At a recent anti-hate rally in Berkeley, Joey Gibson, leader of the extreme right-wing, white supremacist group, Patriot Prayer, strolled directly in front of me, his three burly bodyguards in tow.
A few people nearby pointed him out, shouting his name.
I had an immediate visceral reaction to the sight of this man, whom I consider to be a neo-Nazi. To my eyes, Gibson and his men were angling for conflict; their swagger left no doubt.
And I stood there shaking, my homemade sign in hand. "Hate speech leads to Holocaust," it read.
I am an 80-year-old Holocaust survivor.
We learned that the young men and women around us, dressed in all black, were trained not to engage in confrontations, except to protect demonstrators like us if we were attacked by white supremacists like Gibson.
It was my first encounter with Antifa, the movement comprised of young militant antifascists who have been vilified in some of the media for their tactics.
So even though I was afraid of Gibson and his thugs, I felt comforted — not by the presence of any police officer that day, but by the presence of the Antifa. I feel gratitude to these young people for being our first line of defense, for being willing to stand up to the hateful actions of neo-Nazis and white nationalists like Gibson.
I know from experience what it feels like not to feel protected.
And I've seen firsthand the impact hate speech, under the guise of free speech, can have. As a child in Nazi Germany, I saw young boys and girls being indoctrinated into becoming mass murderers of their neighbors. Later I learned how grown men, destroyed by fear, were rendered incapable of protecting their loved ones. I learned that a crowd could be moved to heinous actions.
From the time I was 5, I was told never to mention that our mother was Jewish. This was about the time my half-sister, my father's oldest daughter from his first marriage, unexpectedly came to live with us. She had seen her mother and stepfather violently removed from their home, never to be seen again.
When I was 8, two sinister-looking Gestapo, the secret Nazi police, knocked on the door of our makeshift bomb shelter, a converted coal cellar. Berlin was under the final heavy bomb attacks of the Allied Forces. And the men had demanded that my mother accompany them, threatening to set their dog on her and shoot her if she tried to escape.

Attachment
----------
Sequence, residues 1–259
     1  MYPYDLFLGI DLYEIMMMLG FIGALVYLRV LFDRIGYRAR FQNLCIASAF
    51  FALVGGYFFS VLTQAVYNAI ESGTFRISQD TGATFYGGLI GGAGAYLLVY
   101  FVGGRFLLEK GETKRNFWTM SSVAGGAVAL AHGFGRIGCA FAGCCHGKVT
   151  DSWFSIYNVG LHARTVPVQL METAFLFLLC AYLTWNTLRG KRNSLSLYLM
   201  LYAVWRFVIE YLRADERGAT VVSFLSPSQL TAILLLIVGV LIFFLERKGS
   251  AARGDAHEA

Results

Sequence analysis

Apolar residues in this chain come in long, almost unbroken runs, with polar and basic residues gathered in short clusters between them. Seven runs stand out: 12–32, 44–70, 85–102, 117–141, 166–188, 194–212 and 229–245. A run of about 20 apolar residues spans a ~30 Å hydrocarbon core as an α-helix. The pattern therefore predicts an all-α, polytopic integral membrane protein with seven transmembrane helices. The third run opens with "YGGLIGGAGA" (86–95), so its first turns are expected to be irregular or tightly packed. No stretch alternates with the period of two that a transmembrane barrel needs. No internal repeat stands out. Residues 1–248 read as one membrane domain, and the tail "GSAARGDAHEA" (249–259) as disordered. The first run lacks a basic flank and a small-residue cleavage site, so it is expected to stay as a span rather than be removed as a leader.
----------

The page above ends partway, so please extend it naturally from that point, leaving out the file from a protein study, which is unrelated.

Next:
Everybody in the cellar with us that day knew that my mother's only crime in life was being a Jew, defined not by her profession of a given religious preference but by racial law.
Yet no one dared to speak up for this mother of three young children.
Nobody said a word of encouragement as she was torn away from her children. Nobody demanded these men desist from sending one more Jew to her death in a concentration camp.
The time without our mother seemed endless. We were scared and hungry in that poorly lit, cold, uncomfortable cellar. Some of the neighbors had told us my mother would never return, and they had begun to discuss with which of them each of us children would have to live.
My mother managed to escape and come back to us. But for the rest of my life, I have remembered the fear that crept over me as I faced the possibility of never seeing her again.
Soon, the bombing ceased and the Soviet Army liberated our neighborhood. But I saw the photos in the newspapers of some of the millions who had not been as lucky as we had, those who had had no one to protect them.
I could not trust that such an experience would not repeat itself.
In 1947, my mother, my younger brother and I immigrated to Venezuela and learned there what life was like under a long military Latin American-style dictatorship. Once again, I saw how some people were scared and read how some were detained, deported, and even killed. Again, I was not sure who would defend us if something happened to our family.
And when I came to study in the U.S. in 1955, in what I had erroneously believed was the cradle of freedom, I had a real-life crash course in the lack of civil rights for people of color, the murderous laws still prevalent in many Southern states, and the education, employment, and housing discrimination in the North.
I later learned a startling truth: that the racial laws of the Nazis, which categorized me as a "Jew of the Second Degree" (due to my Jewish mother and Gentile father), were based on U.S. race laws. I had fallen for some of the powerful propaganda this country disseminates abroad through its mass media.
But I woke up and got involved. I learned to speak up and organize for civil rights, against the war in Vietnam and, later, against the many invasions of other countries and ongoing discrimination.
And now here I am, more than 70 years after walking out of that dank cellar in a Berlin neighborhood, faced once again with neo-Nazis spewing and spreading their hate and beliefs about white supremacy.
Far too many people in this country are still excluded and even killed for reasons that were used during World War II to send populations to the gas chambers. We don't have official concentration camps as such in the U.S. (anymore), but the prison-industrial complex is thriving and ever-expanding immigrant detention centers are crowded and inhumane.
So, yes, I am scared of what fascists can do. I have little confidence that local police — ever more heavily armed with military weaponry and unskilled in dealing with the vulnerable in our societies — will protect those confronted by neo-Nazis.
Make no mistake, these neo-Nazis and white supremacists are serious.
In Europe, different generations of young antifascists committed to preventing acts of violence to vulnerable populations, resurface from time to time.
I feel comforted by the fact that these young antifascists exist here in the U.S., too.
This story originally appeared in YES! Magazine and is reprinted here with permission.